What Brexit means for our mortgage rates

By: Justin Leung on June 27, 2016

Last Friday the world reeled at the result of Britain’s historic vote to leave the European Union. As results hit the web, shockwaves were felt throughout the global economy including Canada. While what happens in the UK may not seem like something that could affect your mortgage, the truth is a little more complex.

With Brexit causing many major economies including ours to suffer losses, Canada’s already struggling economy is projected to stall even longer than previously expected and even cause the GDP to decline between 0.5% and 1% or more in the second half of 2016 depending on how badly Britain’s split affects our oil exports, a Business News Network report says.

After a hard loss last year resulting in a slight recession, Canada’s economy is a fragile one and while low interest rates have been implemented to take some financial pressure off of Canadians, it has also contributed to the nation falling into more collective debt than ever before.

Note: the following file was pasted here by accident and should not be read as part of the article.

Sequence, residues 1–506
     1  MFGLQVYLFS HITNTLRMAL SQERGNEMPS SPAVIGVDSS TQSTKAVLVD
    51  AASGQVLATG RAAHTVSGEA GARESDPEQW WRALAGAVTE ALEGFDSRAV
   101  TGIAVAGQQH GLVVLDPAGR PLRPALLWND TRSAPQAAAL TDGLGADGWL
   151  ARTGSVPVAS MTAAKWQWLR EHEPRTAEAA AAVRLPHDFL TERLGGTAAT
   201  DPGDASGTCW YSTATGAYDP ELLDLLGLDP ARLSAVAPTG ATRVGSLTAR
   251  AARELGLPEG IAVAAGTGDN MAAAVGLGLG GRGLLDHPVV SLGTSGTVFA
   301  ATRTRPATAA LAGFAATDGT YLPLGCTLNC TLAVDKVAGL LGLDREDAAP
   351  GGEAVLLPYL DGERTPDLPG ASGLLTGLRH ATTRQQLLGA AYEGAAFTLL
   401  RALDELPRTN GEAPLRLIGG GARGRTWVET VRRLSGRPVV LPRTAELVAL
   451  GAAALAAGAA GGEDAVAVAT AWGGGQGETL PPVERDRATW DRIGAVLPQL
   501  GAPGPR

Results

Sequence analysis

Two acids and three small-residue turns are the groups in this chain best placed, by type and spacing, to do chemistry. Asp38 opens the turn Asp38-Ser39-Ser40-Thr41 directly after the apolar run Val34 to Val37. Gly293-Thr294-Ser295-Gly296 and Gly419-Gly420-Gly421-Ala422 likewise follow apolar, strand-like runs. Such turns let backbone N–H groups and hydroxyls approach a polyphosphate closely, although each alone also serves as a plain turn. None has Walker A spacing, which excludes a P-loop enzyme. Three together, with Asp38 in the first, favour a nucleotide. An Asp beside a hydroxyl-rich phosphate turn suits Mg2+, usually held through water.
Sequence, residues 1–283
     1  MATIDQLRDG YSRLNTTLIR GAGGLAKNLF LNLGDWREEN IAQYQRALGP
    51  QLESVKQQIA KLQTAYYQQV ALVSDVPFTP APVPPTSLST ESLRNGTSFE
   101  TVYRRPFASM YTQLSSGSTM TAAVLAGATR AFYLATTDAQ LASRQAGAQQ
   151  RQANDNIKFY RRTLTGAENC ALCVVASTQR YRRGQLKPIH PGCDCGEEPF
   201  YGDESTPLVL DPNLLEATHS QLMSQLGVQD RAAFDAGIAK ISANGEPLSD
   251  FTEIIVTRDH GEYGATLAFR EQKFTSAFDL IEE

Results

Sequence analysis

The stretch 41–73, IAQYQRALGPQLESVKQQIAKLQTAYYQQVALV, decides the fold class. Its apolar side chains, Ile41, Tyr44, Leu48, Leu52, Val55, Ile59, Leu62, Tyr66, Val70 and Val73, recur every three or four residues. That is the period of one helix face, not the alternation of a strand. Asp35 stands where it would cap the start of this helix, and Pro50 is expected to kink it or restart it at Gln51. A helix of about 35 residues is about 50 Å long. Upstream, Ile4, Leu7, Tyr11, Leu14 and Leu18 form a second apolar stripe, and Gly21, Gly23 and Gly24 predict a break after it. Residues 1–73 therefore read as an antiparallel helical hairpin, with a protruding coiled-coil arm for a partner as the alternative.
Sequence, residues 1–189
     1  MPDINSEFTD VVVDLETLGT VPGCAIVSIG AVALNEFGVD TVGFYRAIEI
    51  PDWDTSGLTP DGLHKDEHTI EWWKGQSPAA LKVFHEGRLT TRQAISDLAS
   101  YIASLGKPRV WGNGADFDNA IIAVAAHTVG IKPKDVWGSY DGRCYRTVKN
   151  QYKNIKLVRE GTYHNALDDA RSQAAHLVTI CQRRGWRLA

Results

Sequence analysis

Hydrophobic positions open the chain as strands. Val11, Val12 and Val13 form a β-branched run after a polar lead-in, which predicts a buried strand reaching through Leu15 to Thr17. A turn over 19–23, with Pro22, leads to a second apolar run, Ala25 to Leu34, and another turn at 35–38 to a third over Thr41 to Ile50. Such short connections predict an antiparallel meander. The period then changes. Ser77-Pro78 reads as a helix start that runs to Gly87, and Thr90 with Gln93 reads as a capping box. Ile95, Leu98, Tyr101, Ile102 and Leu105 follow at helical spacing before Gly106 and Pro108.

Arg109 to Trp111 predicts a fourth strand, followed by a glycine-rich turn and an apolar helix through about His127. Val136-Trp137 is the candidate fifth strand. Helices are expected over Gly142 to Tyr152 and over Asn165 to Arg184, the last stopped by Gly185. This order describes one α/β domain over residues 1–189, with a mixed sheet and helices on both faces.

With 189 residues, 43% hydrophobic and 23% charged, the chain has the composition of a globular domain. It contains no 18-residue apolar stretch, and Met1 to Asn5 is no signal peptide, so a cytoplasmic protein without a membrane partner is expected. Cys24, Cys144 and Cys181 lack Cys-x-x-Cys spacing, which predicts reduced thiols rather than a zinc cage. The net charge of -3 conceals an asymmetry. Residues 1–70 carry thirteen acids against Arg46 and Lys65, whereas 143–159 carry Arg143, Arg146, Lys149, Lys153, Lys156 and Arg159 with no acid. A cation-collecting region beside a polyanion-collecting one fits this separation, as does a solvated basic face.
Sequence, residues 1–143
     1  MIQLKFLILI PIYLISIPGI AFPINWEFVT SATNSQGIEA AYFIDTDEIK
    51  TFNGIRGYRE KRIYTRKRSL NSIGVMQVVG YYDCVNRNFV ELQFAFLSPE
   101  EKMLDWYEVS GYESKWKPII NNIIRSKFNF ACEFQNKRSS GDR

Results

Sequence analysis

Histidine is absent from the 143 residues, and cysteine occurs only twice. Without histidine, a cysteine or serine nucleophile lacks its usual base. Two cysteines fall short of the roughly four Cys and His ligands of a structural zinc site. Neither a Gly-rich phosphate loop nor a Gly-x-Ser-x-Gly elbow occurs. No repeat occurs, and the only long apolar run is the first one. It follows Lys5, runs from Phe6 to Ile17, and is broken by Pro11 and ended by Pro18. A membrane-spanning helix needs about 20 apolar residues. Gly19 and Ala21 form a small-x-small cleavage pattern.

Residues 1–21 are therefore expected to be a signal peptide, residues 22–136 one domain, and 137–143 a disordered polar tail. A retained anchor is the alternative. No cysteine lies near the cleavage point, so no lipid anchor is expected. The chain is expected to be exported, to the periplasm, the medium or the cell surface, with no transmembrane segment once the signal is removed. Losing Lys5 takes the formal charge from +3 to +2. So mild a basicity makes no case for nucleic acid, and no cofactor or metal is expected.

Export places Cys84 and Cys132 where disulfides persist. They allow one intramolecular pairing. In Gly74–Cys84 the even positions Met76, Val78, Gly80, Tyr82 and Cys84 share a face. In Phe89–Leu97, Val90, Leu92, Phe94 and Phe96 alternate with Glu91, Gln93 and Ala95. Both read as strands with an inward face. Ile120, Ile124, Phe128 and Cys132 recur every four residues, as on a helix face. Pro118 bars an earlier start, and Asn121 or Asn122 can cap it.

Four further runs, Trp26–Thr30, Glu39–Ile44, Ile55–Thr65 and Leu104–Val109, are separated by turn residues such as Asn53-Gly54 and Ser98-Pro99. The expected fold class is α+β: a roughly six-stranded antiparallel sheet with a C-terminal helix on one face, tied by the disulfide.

Mortgage rates have remained at their lowest levels ever, igniting what has been the hottest housing markets we’ve seen in Vancouver and Toronto. Amid fears of a potential housing bubble signs were finally beginning to point towards gradually rising rates and a cooling off of the market next year. With Brexit keeping mortgage rates low for the foreseeable future, debt levels may not improve as much as they would’ve otherwise.

If you’re still looking for a mortgage or renewal time is coming up in the next year or so, this could be good for you as lower interest rates will save you lots of money. That being said, you should take advantage of these low rates to get rid of your debt more aggressively or else you run the risk of simply holding onto more debt for a longer period of time.

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